You’ve probably seen it: The video of a guy being chased by an elk, the family approaching a bear cub, or the gal trying to take a selfie with a bull moose. Yipes! What are these folks thinking?! One benefit of the RV life is getting to see wildlife in their own habitat. It’s important (even lifesaving) to observe wildlife safely. Here are some tips to help you do just that:
Do a little research, even if it’s simply talking to the locals—folks who live in the area. Find out what type of wildlife frequents the area you are visiting so you’ll know what to watch for. Contact a local park ranger ahead of time, if you can. Let them know what time of year you hope to visit and ask for tips on finding and observing animals in their area. Always check park rules for additional information.
Use your binoculars or a zoom lens to help you get safely “close” to wildlife. Many parks have regulations about minimum distances you should maintain when viewing animals in the wild. (Parks usually require a 25-yard minimum from most wildlife, with a 100-yard minimum from predatory animals.) Know and follow these distances. It’s for your own safety, as well as the safety of the folks with you—not to mention the animals’ safety, as well.
One good rule of thumb is if wild animals react to you, you are too close. Get back and stay back! Even seemingly clumsy animals can move faster than you might imagine, especially when they are irritated or protecting their young.
Don’t make the mistake of thinking your vehicle can protect you. We once made the mistake of parking near the resting spot of a young buffalo calf. (We didn’t see it as we approached.) Its mother charged. We thankfully escaped without a dent. Another nearby car was not so lucky.
But not too close
It’s against the law to touch, feed, tease, or disturb wildlife. To prevent disease or injury (to animals or humans), stay on marked trails and keep your dog on a short leash (if dogs are allowed, that is). And pick up dog poop, too!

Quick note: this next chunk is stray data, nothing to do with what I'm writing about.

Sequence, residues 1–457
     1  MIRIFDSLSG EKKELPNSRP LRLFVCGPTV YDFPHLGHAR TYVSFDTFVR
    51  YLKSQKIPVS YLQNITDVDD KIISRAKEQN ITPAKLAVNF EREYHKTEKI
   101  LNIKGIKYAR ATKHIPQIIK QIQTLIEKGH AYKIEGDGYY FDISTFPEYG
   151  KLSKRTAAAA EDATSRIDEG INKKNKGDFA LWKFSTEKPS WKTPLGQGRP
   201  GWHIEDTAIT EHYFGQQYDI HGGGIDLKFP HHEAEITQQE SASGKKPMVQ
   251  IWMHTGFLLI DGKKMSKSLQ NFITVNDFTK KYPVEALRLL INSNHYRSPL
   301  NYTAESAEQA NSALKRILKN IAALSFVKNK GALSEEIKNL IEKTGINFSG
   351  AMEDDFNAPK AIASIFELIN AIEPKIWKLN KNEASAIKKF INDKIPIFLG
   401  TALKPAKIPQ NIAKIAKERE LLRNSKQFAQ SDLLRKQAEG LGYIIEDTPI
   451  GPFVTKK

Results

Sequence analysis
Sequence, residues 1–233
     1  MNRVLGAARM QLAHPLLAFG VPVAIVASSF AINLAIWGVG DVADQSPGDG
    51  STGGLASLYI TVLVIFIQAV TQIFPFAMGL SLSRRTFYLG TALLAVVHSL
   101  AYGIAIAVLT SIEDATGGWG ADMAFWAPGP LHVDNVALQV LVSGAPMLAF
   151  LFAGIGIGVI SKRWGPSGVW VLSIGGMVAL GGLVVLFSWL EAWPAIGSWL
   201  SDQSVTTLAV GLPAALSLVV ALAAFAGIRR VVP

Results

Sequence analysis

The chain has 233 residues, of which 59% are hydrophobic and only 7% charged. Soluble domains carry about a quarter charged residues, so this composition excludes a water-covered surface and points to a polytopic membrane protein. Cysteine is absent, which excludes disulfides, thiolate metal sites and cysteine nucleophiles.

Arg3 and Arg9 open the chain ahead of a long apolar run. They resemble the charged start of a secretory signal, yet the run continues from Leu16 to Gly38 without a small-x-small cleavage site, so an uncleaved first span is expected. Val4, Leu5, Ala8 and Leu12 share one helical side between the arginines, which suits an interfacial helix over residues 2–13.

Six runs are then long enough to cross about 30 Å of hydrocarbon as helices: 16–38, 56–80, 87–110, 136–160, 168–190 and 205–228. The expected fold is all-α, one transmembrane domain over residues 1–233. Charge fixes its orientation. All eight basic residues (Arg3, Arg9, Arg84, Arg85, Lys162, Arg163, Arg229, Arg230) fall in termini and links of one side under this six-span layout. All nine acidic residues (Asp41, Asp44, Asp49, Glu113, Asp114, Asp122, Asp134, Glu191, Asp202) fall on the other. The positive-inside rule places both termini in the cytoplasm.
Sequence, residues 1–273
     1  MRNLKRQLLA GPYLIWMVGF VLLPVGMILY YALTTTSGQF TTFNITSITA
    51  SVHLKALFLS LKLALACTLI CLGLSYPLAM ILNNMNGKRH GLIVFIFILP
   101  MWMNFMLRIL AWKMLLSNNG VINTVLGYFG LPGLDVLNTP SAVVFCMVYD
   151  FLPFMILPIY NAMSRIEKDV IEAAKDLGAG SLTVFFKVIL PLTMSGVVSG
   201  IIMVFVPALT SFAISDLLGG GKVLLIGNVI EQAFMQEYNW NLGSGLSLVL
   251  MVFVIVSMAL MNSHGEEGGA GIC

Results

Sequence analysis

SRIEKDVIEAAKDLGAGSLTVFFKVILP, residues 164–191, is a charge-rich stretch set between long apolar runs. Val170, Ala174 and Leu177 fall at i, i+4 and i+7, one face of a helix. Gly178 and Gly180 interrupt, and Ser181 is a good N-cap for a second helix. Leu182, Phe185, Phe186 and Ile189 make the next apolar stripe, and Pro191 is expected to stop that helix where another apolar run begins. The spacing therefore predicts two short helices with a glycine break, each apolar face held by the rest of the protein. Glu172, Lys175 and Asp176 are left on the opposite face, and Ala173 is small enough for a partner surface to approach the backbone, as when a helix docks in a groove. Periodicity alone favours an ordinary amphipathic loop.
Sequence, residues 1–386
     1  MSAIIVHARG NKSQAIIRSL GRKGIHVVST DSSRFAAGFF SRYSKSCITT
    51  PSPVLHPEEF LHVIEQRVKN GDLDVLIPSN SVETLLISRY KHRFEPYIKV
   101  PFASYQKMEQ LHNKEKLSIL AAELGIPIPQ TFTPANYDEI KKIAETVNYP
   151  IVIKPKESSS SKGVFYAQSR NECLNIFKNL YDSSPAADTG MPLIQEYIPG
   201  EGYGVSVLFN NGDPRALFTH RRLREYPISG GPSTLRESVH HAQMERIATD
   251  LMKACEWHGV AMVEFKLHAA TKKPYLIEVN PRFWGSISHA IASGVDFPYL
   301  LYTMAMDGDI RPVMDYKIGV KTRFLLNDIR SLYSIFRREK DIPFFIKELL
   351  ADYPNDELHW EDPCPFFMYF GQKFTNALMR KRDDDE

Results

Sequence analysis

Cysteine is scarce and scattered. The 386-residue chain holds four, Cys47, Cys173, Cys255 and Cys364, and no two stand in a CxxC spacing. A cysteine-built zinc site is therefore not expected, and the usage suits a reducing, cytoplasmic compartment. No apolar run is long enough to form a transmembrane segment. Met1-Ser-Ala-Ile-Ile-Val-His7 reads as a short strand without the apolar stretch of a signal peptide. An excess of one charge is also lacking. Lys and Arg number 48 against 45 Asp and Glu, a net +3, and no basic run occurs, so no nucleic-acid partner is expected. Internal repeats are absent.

Don’t leave behind any food, wrappers, or trash of any kind. This means clear the picnic table of crumbs and take leftover foods with you. If a trash container is available, be sure to securely close it when you leave the area.
Sight, sound, smell
Wildlife is especially keen to notice anything that seems “out of place” in its natural habitat. Animals of prey use some tactics that RVers can use, as well, in order to observe animals in nature.
First, make your approach toward the animal from the downwind side, if possible. Then stay downwind so that your human scent won’t alert or frighten wildlife away. Second, be as quiet as possible. Finally, keep all movements to a minimum. (You’ll want to explain these observational tactics to anyone with you, but especially to young children who may not realize the behaviors that can scare off wildlife.)
Report to the ranger
If you see a sick or hurt animal, do not approach it. Report what you’ve discovered to the park ranger instead. Also, report any person who refuses to follow park regulations and let the rangers follow up.
Observing wildlife safely should be common sense
It’s really all about common sense. Remember that the animals are called “wildlife” for a reason. They are not pets—regardless of how cute they might look or act. They belong to the “wild,” or nature, and should not learn to get food, water, or comfort from people—no matter how well-intentioned you might be. If everyone learns how to safely observe wildlife, that wildlife will exist for generations after us, who can then enjoy it, too!
- Wildlife Refuges—often National Park next-door neighbors
- Wildlife safety: Your dog(s) can harm wildlife and natural habitats